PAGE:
As the UK and global economies show signs of a sustainable recovery, wide-format PSP chiefs came together to debate this very question at the 2014 Widthwise round table.
Get a cuppa! If ever you’re going to have time to sit down and read a four page feature on the state of the large-format digital print sector it’s now, according to those PSP bosses that met recently for the annual Image Reports’ Widthwise round table debate on whether the sector is set for growth. When, somewhat into the conversation, the question of overcapacity reared its head the overall message was that it wasn’t a problem - apart from in December. But if that’s all we have to worry about we’re - still - onto a good thing. So are we?
The upshot of the 2014 Widthwise survey – which at the start of the year collected data from 343 UK and Ireland-based companies involved in digital inkjet large-format print production – was that businesses in this now maturing sector still have scope to grow, but that they need to be canny about it. 65% said they expected wide-format to grow as a ratio of their total company turnover in the next two years, but while a large proportion (40%) had seen large-format profits increase last year, a not insignificant amount (18%) said they had fallen. And while a third of respondents (34%) said they expected margins to increase this year, almost a quarter (23%) didn’t.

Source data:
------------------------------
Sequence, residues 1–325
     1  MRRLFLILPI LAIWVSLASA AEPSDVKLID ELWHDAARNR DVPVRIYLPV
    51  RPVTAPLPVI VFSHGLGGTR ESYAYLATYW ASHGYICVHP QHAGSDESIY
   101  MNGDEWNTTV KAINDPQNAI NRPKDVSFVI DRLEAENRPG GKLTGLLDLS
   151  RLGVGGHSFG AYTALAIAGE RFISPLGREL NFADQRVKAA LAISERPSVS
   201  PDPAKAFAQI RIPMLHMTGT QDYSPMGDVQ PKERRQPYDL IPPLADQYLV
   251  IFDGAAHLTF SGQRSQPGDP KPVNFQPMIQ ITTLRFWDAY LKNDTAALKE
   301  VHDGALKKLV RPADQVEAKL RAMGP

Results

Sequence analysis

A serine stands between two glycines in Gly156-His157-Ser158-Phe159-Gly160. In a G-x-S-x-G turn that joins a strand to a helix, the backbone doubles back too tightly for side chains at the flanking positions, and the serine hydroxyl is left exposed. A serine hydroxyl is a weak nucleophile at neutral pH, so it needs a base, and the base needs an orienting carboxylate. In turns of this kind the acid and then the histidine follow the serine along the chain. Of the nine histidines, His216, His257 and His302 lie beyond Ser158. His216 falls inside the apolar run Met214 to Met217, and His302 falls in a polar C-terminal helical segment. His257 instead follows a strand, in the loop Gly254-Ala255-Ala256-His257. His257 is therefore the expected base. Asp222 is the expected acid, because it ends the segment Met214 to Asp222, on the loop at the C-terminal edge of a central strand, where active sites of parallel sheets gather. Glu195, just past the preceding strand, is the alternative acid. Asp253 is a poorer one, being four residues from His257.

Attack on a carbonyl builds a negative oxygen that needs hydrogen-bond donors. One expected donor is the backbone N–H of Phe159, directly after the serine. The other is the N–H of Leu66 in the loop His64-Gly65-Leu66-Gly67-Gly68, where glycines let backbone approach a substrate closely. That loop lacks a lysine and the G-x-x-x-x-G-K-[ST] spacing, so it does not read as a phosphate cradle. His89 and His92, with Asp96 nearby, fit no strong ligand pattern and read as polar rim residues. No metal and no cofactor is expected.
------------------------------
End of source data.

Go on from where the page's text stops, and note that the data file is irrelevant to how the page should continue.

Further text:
When it comes to turnover/margin performance many factors are at play and need to be factored into the equation on how the sector is doing as a whole. Take Cestrian, where 98% of total turnover comes from wide-format and where MD Phill Reynolds says “2013 delivered the best margins we’ve ever had”. But he expects margins to have proved “a bit tighter in 2014 because of the investments we’re making, and overall company turnover will drop this year due to consolidation as we set out our stall for the future.”
He thinks large-format production will stay at around 98% of total turnover, but getting the most profit out of that means making the most of the “investment in the phenomenal kit we’ve bought in the last two years and the investment and time we’ve put into software development. We have six developers working on W2P that handles the process from booking in to kicking out. 40% of our turnover of work goes through that - we don’t touch it - which will really impact on margin, but it’s not a quick fix - and you have to educate clients to make it pay.”
Richard Clark, MD of vehicle wrap specialist Raccoon Graphics, jumps on that ‘efficiencies’ messaging. “For the last ten years we’ve been looking for ways to grow. 50% of our turnover is now large-format print production and I think that over the next few years it will actually become a smaller part of turnover as we continue to diversify. But it is still the heart of the business - we now rent out bespoke branded vehicles etc. and that actually helps drive large-format print. That kind of move obviously takes investment. It means we’ve had to look at how we can make more money, and how we make small orders more profitable - and that’s through efficiencies. We installed Switch a couple of years ago to streamline processes and that’s really helped.”
He adds: “As a sector we need to lose the price per square metre mentality to grow margin, and find ways of spreading risk and managing seasonality,” a point echoed by the others around the table.